The ankle is a common area of pain and discomfort for many people, from sprain and rolled or weak ankles to tendon and ligament damage. Podiatry Illawarra can provide assistance with footwear assessments, strapping, gait analysis and custom orthotic support.
An ankle sprain is an injury to one or more ligaments in the ankle, usually on the outside of the ankle. Ligaments are bands of tissue – like rubber bands – that connect one bone to another and bind the joints together. In the ankle joint, ligaments provide stability by limiting side-to-side movement.
Some ankle sprains are much worse than others. The severity of an ankle sprain depends on whether the ligament is stretched, partially torn, or completely torn, as well as on the number of ligaments involved. Ankle sprains are not the same as strains, which affect muscles rather than ligaments.
The tarsal tunnel is a narrow space that lies on the inside of the ankle next to the ankle bones. The tunnel is covered with a thick ligament (the flexor retinaculum) that protects and maintains the structures contained within the tunnel—arteries, veins, tendons, and nerves. One of these structures is the posterior tibial nerve, which is the focus of tarsal tunnel syndrome.
Tarsal tunnel syndrome is a compression, or squeezing, on the posterior tibial nerve that produces symptoms anywhere along the path of the nerve running from the inside of the ankle into the foot.
Tarsal tunnel syndrome is similar to carpal tunnel syndrome, which occurs in the wrist. Both disorders arise from the compression of a nerve in a confined space.
Shin splints is a collective term used to describe a group of injuries affecting the shin bone (tibia). Overuse of muscles attaching to this bone pull excessively causing inflammation and pain. Symptoms may vary from a mild discomfort to an intense burning pain. They are most noticeable at the commencement of exercise or walking and diminish as exercise continues. Pain often returns after exercise and can be worse the next morning.
Poor foot mechanics and excess pronation (flat foot) can place extra strain on shin muscles and lead to overuse.
Weakness of the shin muscles and lower leg muscle fatigue can also be a factor in lower leg stress fractures so don’t delay in seeking treatment.
Anatomically the knee joint is considered a vulnerable joint. It is situated at the end of two very long bones so the forces upon it are great. Poorly aligned feet (i.e. flat feet) can place extra strain on the knee joint and surrounding soft tissues, leading to knee pain when playing sport.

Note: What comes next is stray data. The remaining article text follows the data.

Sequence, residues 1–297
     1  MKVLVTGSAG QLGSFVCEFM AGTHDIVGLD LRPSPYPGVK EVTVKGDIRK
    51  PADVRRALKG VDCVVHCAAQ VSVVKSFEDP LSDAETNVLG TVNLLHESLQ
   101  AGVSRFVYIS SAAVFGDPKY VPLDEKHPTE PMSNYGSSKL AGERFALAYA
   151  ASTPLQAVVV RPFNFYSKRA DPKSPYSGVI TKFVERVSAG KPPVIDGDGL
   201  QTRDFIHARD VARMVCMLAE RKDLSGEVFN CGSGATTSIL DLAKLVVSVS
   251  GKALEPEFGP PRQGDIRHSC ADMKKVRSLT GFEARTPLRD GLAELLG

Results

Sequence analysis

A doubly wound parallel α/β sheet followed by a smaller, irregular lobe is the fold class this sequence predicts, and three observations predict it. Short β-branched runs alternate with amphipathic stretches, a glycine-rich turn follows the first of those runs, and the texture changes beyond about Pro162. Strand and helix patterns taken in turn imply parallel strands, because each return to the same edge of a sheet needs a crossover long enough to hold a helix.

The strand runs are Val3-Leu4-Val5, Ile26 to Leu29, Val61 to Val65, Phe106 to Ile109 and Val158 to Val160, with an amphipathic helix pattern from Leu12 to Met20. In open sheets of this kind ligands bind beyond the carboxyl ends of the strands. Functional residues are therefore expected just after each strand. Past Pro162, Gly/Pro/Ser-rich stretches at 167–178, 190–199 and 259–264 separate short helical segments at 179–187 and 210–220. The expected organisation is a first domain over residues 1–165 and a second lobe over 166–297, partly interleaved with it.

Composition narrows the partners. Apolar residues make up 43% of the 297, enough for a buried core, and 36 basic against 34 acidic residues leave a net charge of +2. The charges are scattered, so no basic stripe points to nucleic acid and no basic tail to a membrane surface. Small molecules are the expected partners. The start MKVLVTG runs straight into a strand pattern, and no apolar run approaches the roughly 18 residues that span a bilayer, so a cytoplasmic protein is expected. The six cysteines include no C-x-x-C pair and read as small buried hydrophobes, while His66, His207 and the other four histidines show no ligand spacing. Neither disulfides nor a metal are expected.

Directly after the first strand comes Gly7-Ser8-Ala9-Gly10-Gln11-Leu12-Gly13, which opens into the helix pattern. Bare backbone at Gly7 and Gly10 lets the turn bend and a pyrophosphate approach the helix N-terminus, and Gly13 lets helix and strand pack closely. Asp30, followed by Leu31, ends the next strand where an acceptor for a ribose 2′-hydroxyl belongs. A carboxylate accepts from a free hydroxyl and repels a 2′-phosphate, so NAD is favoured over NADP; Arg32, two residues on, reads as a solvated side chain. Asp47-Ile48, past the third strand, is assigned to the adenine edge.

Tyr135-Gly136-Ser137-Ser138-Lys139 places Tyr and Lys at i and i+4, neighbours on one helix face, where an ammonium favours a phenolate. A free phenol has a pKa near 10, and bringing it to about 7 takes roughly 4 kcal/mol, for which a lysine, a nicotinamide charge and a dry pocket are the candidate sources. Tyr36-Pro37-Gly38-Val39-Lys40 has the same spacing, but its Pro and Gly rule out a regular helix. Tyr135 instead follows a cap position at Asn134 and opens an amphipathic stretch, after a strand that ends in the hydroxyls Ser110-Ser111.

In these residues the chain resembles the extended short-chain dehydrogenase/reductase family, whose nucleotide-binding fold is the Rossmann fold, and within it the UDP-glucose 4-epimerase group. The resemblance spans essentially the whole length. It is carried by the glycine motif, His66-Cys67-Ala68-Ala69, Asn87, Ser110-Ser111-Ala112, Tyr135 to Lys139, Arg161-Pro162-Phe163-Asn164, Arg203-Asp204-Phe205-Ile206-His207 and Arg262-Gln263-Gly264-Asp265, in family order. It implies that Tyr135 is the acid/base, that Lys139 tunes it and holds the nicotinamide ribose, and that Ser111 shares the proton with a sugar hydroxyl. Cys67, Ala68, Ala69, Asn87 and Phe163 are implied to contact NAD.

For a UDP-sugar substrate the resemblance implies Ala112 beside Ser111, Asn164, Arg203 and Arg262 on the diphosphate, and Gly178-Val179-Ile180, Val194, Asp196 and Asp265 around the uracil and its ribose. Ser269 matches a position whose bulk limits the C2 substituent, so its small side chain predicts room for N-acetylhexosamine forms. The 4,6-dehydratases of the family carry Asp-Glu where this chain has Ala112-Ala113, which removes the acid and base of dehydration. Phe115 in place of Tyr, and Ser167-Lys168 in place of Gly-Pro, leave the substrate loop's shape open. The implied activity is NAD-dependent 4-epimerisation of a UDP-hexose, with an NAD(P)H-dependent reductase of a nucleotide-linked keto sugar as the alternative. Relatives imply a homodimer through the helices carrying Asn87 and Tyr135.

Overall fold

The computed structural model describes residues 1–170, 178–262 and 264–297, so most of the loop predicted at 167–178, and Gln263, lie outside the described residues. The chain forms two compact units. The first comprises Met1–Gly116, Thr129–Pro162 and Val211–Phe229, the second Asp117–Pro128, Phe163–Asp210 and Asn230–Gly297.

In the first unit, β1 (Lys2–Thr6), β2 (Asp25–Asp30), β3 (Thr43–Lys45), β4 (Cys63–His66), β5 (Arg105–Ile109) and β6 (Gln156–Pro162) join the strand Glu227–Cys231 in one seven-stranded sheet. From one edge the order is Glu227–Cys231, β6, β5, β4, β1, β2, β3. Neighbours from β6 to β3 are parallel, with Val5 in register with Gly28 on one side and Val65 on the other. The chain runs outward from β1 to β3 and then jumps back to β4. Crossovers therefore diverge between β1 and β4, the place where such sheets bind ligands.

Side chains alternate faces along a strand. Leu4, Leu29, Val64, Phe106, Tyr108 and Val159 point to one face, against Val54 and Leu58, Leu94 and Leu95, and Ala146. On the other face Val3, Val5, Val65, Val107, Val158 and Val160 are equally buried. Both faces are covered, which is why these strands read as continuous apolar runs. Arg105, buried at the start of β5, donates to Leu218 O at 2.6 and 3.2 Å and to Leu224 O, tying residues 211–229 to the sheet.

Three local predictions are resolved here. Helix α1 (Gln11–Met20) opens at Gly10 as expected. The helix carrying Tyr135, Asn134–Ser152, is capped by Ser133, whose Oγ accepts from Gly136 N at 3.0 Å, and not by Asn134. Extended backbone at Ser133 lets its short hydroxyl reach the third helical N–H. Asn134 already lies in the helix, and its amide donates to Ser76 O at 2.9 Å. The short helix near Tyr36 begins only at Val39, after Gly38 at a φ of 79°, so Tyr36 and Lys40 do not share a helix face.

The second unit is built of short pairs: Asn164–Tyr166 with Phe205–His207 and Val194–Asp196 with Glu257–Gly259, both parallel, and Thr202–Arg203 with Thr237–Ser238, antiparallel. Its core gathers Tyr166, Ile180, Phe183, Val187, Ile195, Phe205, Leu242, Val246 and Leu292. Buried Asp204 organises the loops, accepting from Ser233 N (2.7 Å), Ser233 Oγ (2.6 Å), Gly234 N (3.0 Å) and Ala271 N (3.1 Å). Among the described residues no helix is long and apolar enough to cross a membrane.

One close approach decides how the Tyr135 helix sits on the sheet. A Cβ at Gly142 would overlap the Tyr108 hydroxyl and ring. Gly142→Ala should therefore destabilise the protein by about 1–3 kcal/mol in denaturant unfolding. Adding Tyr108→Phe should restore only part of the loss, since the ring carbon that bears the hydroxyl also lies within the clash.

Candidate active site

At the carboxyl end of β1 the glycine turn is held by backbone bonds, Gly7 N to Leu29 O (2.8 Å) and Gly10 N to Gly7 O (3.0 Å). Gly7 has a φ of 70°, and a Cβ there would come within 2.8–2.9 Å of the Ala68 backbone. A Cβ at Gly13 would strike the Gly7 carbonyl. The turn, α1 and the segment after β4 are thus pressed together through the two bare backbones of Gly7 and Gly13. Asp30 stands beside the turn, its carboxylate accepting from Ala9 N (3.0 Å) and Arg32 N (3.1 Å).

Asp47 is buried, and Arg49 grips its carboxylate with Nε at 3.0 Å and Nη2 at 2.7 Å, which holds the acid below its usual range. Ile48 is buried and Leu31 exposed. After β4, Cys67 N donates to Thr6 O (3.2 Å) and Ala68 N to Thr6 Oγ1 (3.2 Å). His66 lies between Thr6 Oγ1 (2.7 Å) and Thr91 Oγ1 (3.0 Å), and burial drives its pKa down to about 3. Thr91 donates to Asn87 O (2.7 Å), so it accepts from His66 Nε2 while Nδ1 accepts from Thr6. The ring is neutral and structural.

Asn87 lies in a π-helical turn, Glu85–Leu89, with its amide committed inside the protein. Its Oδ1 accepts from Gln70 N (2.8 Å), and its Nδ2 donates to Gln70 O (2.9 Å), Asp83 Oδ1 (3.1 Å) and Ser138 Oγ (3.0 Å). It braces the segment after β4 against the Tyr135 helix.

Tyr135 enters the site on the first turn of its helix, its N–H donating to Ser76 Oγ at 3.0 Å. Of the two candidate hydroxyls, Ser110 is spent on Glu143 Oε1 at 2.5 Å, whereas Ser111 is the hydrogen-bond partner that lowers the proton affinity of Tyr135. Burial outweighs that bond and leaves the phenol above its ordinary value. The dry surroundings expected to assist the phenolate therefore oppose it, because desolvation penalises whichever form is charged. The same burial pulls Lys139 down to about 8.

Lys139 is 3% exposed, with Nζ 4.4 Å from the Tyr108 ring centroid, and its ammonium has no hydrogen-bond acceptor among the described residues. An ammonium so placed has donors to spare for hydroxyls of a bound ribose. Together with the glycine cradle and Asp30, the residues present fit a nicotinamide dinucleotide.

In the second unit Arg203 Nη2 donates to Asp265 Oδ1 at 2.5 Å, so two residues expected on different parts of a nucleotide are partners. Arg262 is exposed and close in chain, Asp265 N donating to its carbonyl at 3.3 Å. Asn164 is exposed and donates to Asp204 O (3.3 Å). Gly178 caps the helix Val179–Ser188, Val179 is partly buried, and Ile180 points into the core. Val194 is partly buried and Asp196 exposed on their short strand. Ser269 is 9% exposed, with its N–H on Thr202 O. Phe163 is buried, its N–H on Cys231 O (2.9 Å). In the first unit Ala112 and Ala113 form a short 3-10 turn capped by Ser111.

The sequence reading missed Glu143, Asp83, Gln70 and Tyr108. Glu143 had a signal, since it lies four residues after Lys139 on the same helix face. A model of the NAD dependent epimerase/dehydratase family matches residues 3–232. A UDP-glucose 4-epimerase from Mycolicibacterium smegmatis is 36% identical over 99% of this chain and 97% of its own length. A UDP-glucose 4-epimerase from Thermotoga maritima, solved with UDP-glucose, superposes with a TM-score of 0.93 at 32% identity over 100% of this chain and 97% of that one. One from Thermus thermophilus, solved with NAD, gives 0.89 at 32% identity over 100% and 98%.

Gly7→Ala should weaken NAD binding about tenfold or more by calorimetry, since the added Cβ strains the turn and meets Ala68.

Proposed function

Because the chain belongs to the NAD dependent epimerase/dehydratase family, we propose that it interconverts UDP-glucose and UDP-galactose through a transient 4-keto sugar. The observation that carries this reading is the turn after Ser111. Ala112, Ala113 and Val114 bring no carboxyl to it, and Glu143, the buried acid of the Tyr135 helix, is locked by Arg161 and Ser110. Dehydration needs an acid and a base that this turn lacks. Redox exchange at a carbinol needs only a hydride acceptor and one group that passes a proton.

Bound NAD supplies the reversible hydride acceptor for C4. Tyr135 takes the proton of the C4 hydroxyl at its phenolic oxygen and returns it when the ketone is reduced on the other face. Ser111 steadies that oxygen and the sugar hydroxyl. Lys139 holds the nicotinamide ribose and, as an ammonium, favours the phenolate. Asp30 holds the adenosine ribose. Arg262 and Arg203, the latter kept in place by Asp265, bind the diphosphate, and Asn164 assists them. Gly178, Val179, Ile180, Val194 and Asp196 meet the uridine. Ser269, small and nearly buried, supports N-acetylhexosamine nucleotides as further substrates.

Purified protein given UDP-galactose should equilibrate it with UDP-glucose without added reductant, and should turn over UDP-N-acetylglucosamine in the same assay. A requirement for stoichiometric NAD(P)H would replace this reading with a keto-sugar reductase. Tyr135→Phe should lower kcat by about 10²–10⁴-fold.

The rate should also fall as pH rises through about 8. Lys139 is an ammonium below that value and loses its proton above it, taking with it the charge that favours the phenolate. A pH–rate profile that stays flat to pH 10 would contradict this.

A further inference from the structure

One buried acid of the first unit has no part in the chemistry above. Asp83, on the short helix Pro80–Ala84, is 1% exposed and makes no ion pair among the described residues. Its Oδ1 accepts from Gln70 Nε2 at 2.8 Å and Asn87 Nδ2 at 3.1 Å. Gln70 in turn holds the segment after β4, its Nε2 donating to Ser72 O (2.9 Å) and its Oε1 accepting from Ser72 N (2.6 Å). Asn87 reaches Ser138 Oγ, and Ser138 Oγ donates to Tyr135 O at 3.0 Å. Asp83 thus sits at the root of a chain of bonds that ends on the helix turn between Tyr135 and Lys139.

Excess foot pronation (when the foot flattens too much during walking) will cause excessive internal rotation at the knee. This in turn can lead to poor tracking of the knee cap subsequently producing pain. This is often known as patellofemoral pain. Over time this poor alignment can lead to degeneration or arthritis within the knee joint itself causing chronic pain.
Custom made orthotics can be of great help in managing knee pain. By re-aligning the feet and lower limbs the knee adopts a more functional posture encouraging normal muscle function and better knee cap tracking.
Patellofemoral Syndrome (PFS) Patellofemoral Syndrome is a common overuse injury amongst runners. More commonly known as runner's knee for chondromalacia patella. Caused by various factors including overpronation, vastus medialis oblique muscle weakness, poor training techniques and improper or worn footwear. Symptoms include pain in and around the front of the knee, painful cracking and the knee giving way. Pain increases when going uphill. Diagnosis is normally from clinical examination or biomechanical assessment and will discuss the best course of action to relieve the symptoms. Treatment aims to reduce the inflammation and identify issues that may be contributing to the problem.
IlioTibial Band Syndrome is a painful knee injury that is located on the outer part of the knee joint radiating up the thigh or down the outer side of the shin. Caused with over pronation some runners rotate and flex their knees more than normal. More common in runners or cyclists it is normally intensified by activities and eases with rest. Diagnosis is normally from clinical examination or biomechanical assessment. Treatment aims to reduce the inflammation and identify any underlying alignment issues that may be contributing to the problem often with the use of orthotics and stretches.
Osgood-Schlatter disease can cause a painful lump below the kneecap in children and adolescents experiencing growth spurts during puberty.
Osgood-Schlatter disease occurs most often in children who participate in sports that involve running, jumping and swift changes of direction — such as soccer, basketball, figure skating and ballet.
While Osgood-Schlatter disease is more common in boys, the gender gap is narrowing as more girls become involved with sports.
Age ranges differ by sex because girls experience puberty earlier than do boys. Osgood-Schlatter disease typically occurs in boys ages 13 to 14 and girls ages 11 to 12. The condition usually resolves on its own, once the child’s bones stop growing.